The best do-gooder advice I ever received

The best piece of advice I ever received was from a professor in grad school who told us that we as aid workers might never be able to unequivocally determine if we are doing things right. However she assured us that if we weren’t questioning ourselves, we most certainly were doing things wrong.

Along with the results frameworks and donor pressures that dictate our daily work, our own personal reflection is also a necessary and vital tool in making our role as humanitarians more effective.

Among your daily have-to-get-things-done focus, do you ask enough questions? Or do you settle for what you know?


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  1. Good advice! Yet, there is a balance between asking questions and being stunned by the sheer number of questions I sometimes ask of myself. Going with what I know and acknowledging that I don’t know everything allows me to bet on growth in the future too.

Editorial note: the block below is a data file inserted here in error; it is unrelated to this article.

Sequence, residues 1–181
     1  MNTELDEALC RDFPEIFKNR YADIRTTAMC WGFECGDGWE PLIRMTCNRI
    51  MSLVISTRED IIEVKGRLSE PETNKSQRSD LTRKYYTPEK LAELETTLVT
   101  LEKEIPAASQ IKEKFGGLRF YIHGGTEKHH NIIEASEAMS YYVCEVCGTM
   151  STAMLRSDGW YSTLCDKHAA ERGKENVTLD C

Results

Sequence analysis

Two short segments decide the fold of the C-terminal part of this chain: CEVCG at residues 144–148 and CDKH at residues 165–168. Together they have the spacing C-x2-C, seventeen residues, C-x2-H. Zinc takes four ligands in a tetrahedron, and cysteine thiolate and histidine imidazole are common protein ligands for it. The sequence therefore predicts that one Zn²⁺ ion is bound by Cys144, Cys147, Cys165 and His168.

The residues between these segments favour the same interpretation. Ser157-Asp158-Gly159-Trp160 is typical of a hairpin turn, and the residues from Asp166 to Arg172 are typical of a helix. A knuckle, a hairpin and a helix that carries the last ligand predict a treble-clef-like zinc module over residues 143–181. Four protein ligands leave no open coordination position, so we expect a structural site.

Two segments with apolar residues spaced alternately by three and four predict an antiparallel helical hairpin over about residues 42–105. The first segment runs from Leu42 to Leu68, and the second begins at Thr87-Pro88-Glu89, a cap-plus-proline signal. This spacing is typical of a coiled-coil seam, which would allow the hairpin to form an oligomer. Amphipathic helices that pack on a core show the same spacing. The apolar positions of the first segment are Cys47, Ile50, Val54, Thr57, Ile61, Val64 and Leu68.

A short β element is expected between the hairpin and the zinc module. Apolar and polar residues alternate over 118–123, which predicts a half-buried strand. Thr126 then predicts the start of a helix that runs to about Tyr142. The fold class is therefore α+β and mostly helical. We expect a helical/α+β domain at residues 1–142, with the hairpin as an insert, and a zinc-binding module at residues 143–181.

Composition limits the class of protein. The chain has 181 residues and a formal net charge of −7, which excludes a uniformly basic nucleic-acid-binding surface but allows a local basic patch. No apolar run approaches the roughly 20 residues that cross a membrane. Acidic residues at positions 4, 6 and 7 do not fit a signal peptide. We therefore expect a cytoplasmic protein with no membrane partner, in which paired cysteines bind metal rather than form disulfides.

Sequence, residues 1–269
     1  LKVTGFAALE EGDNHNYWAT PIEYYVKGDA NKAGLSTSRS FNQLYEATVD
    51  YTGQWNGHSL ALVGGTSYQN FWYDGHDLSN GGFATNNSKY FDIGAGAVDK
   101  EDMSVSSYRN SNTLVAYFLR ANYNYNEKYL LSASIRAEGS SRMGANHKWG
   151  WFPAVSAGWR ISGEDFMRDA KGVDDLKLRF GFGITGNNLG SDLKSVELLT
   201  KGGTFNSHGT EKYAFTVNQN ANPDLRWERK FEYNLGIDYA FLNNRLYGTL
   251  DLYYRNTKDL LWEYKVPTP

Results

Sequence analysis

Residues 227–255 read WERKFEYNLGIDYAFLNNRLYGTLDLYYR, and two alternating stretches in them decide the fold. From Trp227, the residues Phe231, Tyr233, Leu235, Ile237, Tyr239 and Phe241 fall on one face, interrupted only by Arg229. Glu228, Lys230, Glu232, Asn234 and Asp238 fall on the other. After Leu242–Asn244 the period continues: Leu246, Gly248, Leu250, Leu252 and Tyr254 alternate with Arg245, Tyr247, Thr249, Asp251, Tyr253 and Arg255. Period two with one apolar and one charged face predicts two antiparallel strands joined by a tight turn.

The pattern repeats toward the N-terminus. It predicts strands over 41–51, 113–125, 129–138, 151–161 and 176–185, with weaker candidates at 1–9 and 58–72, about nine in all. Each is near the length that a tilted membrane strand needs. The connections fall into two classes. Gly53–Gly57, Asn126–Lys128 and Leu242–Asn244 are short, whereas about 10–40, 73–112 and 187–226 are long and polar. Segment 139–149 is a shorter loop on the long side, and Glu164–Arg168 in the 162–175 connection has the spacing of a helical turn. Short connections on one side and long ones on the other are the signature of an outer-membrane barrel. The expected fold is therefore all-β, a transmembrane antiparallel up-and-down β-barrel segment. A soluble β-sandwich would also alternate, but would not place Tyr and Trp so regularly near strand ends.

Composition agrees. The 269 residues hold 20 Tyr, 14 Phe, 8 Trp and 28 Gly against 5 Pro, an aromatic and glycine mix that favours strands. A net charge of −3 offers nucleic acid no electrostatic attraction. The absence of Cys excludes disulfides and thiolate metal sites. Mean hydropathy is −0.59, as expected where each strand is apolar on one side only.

2. Works in science labs too. In fact no science labs works without it.
    “The first principle is that you must not fool yourself, and you are the easiest person to fool.” — Richard Feynman (Nobel prize winning physicist and champion safe cracker of every safe in Los Alamos. True Story.)

  3. Pingback: Fighting Poverty is Easy but not Simple - 3 Easy Steps | Justice and Life

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